5.
BMC Infect Dis ; 22(1): 325, 2022 Apr 01.
Article in English | MEDLINE | ID: covidwho-1770496

ABSTRACT

BACKGROUND: The health impacts of COVID-19 are not evenly distributed in societies. Chronic patients are highly affected and develop dangerous symptoms of COVID-19. Understanding their information seeking about COVID-19 may help to improve the effectiveness of public health strategies in the future, the adoption of safety measures, and minimize the spread of the pandemic. However, there is little evidence on information seeking specifically on COVID-19 in this study setting. Therefore, this study aimed to assess information seeking about COVID-19 and associated factors among chronic patients. METHOD: An institutional-based cross-sectional study supplemented with qualitative data was conducted at Bahir Dar city public hospitals in Northwest Ethiopia from April 8 to June 15, 2021. A total of 423 chronic patients were selected using systematic random sampling techniques with an interval of 5. Bi-variable and multivariable logistic regression analysis was fitted to identify factors associated with information seeking about COVID-19. A p-value < 0.05 was used to declare statistical significance. Qualitative data were analyzed using a thematic approach. Finally, it was triangulated with quantitative findings. RESULT: The proportion of information seeking about COVID-19 among chronic patients was 44.0% (95% CI = 39.0, 49.0). Being living in urban [AOR = 4.4, 95% CI (2.01, 9.58)], having high perceived susceptibility to COVID-19 [AOR = 3.4, 95%CI (1.98, 5.70)], having high perceived severity to COVID-19 [AOR = 1.7, 95%CI (1.04, 2.91)], having high self-efficacy to COVID-19 [AOR = 4.3, 95%CI (2.52, 7.34)], and having adequate health literacy [AOR = 1.8, 95%CI (1.10, 3.03)] were significant factors associated with information-seeking about COVID-19. CONCLUSION: The overall proportion of information seeking about COVID-19 among chronic patients was low. Thus, health promotion programs should emphasize the chronic patients living in a rural area; enhance perceived risk and severity of COVID-19, enhancing self-efficacy and health literacy interventions to improve information seeking.


Subject(s)
COVID-19 , Information Seeking Behavior , COVID-19/epidemiology , Cross-Sectional Studies , Ethiopia/epidemiology , Hospitals, Public , Humans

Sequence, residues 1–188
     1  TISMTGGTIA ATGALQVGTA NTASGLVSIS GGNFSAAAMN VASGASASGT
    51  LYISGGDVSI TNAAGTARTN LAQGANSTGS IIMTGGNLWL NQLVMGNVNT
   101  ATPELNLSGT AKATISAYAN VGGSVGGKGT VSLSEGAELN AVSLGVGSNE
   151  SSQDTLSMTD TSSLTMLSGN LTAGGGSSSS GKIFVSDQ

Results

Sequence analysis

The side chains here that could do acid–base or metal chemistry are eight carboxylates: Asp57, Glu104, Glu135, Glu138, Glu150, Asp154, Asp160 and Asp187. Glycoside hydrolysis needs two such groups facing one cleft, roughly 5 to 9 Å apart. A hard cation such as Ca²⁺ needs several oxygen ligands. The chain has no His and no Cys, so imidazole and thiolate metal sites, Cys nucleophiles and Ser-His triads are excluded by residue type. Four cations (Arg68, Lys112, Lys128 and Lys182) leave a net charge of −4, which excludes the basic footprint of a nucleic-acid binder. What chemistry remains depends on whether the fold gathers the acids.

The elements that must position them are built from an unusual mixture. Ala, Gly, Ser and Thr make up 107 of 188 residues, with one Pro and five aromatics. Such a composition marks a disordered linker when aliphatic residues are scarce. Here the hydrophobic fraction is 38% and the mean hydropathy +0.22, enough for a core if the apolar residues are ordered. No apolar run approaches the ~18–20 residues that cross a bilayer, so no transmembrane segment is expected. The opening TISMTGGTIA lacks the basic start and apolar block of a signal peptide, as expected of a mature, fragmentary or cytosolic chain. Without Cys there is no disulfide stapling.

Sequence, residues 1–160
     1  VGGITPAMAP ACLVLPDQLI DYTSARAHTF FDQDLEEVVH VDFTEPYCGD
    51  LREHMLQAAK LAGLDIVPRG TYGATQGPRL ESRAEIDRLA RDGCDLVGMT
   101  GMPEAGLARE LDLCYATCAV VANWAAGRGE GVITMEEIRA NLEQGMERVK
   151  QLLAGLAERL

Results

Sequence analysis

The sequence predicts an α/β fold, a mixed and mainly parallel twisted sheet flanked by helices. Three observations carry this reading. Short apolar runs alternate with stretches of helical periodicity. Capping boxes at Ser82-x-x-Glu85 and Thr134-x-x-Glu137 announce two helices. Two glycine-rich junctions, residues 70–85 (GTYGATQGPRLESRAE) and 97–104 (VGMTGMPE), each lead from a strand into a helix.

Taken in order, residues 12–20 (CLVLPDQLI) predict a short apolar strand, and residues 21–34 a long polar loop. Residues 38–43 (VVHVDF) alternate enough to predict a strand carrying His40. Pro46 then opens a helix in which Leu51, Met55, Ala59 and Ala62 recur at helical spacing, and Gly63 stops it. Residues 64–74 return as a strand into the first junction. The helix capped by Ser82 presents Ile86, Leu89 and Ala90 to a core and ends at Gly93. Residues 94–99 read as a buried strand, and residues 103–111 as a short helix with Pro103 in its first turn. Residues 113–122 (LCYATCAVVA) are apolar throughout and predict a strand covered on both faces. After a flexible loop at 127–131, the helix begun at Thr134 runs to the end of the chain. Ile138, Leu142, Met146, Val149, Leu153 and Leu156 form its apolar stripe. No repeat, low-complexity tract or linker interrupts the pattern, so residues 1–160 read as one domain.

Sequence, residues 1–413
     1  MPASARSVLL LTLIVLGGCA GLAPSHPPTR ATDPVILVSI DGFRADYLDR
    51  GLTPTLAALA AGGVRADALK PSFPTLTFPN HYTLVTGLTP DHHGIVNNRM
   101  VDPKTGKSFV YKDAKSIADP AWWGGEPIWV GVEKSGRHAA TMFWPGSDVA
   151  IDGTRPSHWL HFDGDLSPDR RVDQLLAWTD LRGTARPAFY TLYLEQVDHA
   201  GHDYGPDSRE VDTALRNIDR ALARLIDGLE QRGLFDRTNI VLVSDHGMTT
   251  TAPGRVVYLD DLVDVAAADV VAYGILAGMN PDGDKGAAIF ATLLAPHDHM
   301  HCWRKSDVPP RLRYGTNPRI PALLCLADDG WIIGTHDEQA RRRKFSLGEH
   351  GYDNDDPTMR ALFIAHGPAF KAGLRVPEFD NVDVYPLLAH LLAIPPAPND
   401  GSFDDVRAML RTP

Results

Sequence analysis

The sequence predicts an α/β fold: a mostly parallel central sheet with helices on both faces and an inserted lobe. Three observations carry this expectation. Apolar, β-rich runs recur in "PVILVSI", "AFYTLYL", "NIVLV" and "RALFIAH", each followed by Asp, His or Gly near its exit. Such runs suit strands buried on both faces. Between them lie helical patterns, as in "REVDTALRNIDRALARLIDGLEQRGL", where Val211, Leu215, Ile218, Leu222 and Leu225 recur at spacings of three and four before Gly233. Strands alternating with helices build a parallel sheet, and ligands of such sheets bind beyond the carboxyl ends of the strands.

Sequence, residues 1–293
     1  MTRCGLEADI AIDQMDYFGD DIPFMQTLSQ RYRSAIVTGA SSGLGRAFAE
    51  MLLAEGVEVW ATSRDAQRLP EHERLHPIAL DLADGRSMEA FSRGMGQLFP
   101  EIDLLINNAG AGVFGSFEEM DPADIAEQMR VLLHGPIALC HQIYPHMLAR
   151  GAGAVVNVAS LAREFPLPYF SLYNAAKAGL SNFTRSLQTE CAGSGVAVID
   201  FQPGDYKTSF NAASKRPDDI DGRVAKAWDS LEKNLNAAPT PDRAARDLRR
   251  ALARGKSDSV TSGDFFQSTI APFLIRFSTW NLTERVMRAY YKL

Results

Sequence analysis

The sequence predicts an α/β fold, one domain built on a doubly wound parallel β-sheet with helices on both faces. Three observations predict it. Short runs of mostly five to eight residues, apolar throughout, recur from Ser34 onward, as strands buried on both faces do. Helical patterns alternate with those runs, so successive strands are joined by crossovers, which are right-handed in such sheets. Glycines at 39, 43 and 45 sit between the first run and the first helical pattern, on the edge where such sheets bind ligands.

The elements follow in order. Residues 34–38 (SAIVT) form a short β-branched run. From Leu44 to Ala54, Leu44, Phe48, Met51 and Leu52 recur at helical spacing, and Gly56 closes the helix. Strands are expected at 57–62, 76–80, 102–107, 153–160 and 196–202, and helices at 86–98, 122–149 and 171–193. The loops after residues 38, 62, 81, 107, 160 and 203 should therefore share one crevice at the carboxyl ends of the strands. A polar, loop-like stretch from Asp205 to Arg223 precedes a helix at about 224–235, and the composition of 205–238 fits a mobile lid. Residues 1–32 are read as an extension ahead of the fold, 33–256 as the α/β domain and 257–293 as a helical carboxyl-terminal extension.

6.
Int J Environ Res Public Health ; 19(6)2022 03 19.
Article in English | MEDLINE | ID: covidwho-1760608

ABSTRACT

The COVID-19 pandemic and the concomitant infodemic have emphasized the importance of digital health literacy (DHL) to global public health research and practice. The aim of this study was to examine information-seeking behavior, the ability to find, understand and deal with health information among university college students in Denmark and/in addition we wanted to examine the impact of their close social network on students' ability to find and understand health information. This research was carried out as part of the COVID-HL university student survey by using a uniform questionnaire consisting of elaborated scales. Data were collected from a cross-sectional survey conducted at University College South during 4 weeks in April and May 2020. To capture DHL, four subscales of the DHL instrument were adapted to the pandemic context. A total of 59.9% of the students have sufficient DHL-most students find it rather easy to find information and are satisfied with the information they find on the internet. However, some (28.1%) students find it difficult to judge the quality and reliability of the information. Students with a sufficient level of DHL are more likely to seek information through search engines and websites of official institutions, while students with a limited level of DHL more often use social media for health information. Students with sufficient DHL more often share health information and less often ask for support in their network.


Subject(s)
COVID-19 , Health Literacy , COVID-19/epidemiology , Cross-Sectional Studies , Denmark/epidemiology , Humans , Information Seeking Behavior , Pandemics , Reproducibility of Results , Students , Universities
7.
Brain Behav Immun ; 87: 30-32, 2020 07.
Article in English | MEDLINE | ID: covidwho-1719334

ABSTRACT

This study hypothesized that national population health literacy might reflect on their keywords searching. We applied Google searches for "wash hands" and "face mask" during January 19 to February 18 as a surrogate of national population health literacy among 21 countries, and examine whether google searches for "wash hands" and "face masks" would protect from increased numbers of confirmed cases of among 21 countries We found the increased google searches for "wash hands" from January 19 to February 18, 2020, correlated with a lower spreading speed of COVID-19 from February 19 to March 10, 2020 among 21 countries (Pearson's correlation coefficient of -0.70, P < 0.001). The result highlights the importance of public awareness of hand washing in preventing COVID-19 disease spreading.


Subject(s)
Coronavirus Infections/epidemiology , Hand Disinfection , Information Seeking Behavior , Internet , Masks , Pneumonia, Viral/epidemiology , Search Engine , Betacoronavirus , COVID-19 , Humans , Pandemics , SARS-CoV-2